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Single Blog

     

(left) Monie Tung and Rain Li, and (right) Chan Fai-Hung and Jo Koo in Single Blog.

Chinese:

單身部落

 
Year: 2007  
Director: Lee Po-Cheung
Producer Chan Hing-Kai
Writer: Fung Chih-Chiang, Vivian Lai Dik-Man, Chan Lai-Man
Cast: Rain Li Choi-Wah, Jo Koo, Monie Tung Man-Lei, Anya, Chan Fai-Hung, Raymond Wong Ho-Yin, Derek Tsang Kwok-Cheung, Hui Siu-Hung, Jolie Chan Yuen-Kei, Hiro Hayama, Andrew Lin Hoi, Carl Ng Ka-Lung, Eddie Peng Wai-On, Otto Wong Chi-On
The Skinny: Single Blog posits your usual assortment of urban relationship issues, gives them an attractive, modern window dressing, and also delivers on some fully-clothed raunch. Lively and fun, if not that substantial or conclusive.
 
Review
by Kozo:

A trio of single Hong Kong girls reassess their lives in the fun, if somewhat aimless urban comedy Single Blog. Rain Li leads the pack as Kitty, a reserved young woman who spies her boyfriend (Derek Tsang) snogging someone else, leading to the expected break up and oodles of self-doubt, self-pity, and finally self-realization. Kitty eventually gets some girl power lessons from flirty roommate Vivian (Jo Koo), and looks to remake herself into a girl who just wants to have fun. Meanwhile, Vivian is comfortable in her promiscuous, hedonistic lifestyle, until she falls under the spell of the dorky, but utterly likable Don (Chan Fai-Hung). She ends up pretending to be a chaste, reserved girl (or basically her roommate Kitty) in order to hook Don and his nerdy ways. Finally, third roommate May (Monie Tung) suffers a breakup and spirals into moodiness, only to reawaken thanks to the attentions of her new female boss Elley (Anya). May ends up tackling that age-old question: which side should she play for? Should she give into Elley's advances, thus providing audiences with some female-on-female heavy petting?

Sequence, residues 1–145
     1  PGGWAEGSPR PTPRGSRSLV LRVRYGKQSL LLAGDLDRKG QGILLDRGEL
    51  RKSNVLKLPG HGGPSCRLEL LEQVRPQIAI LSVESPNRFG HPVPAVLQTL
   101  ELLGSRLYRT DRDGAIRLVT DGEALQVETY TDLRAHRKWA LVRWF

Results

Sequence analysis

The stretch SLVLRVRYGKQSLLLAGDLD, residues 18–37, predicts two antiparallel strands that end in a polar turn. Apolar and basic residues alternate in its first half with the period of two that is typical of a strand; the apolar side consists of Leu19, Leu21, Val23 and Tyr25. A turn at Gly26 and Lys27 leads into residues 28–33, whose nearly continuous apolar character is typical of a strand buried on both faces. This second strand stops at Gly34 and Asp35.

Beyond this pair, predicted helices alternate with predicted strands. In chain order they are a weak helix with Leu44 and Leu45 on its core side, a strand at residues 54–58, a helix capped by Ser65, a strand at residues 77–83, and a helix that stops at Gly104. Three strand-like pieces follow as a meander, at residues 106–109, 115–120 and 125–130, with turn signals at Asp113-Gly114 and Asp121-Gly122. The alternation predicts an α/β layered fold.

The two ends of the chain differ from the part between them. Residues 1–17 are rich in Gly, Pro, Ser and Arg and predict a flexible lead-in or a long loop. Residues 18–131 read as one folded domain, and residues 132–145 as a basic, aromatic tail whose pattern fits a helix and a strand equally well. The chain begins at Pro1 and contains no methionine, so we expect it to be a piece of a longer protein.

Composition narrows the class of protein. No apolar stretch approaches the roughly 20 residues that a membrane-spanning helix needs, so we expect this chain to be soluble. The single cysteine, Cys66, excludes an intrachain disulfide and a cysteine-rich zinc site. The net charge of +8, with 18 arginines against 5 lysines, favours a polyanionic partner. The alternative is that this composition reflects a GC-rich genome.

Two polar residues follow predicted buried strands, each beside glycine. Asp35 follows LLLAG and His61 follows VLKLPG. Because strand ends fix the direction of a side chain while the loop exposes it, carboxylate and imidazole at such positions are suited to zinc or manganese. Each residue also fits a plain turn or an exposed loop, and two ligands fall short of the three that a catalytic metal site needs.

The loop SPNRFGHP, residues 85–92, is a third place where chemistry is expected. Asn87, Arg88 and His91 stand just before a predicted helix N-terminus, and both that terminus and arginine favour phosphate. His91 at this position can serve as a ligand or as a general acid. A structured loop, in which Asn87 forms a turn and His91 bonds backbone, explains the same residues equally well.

In a rarity for a Hong Kong movie, Single Blog gets its starring girls into plenty of potentially revealing situations, frequently taking advantage of their photogenic qualities without actually revealing anything. Red-blooded males should be paying attention, as Jo Koo and Rain Li are more than easy on the eyes, while cute Monie Tung and the long-absent Anya are still worthy eye candy. Having these girls fake sexual situations is an obvious plus for sex-starved audiences, as this sort of fan service has been all but absent in the ultra-chaste Hong Kong Cinema of the 21st Century. Heterosexual ladies fear not: there's male eye candy too. Raymond Wong Ho-Yin shows up to overact shirtless as Kin Ma, a sleazy fellow who sleeps with Vivian on the eve of his wedding night, and later leads Donald to a night club where they conveniently run into the starring trio of girls who are trying out the club's services for themselves. Andrew Lin makes a suave appearance as the owner of a local pub, who teaches the somewhat inexperienced Kitty how to really please a man - and also herself. Soon Kitty is a swinging sex machine, leading to plenty of episodic sexual interludes (with members of EO2 no less), as well as the eventual reevaluation of what all these singles escapades mean.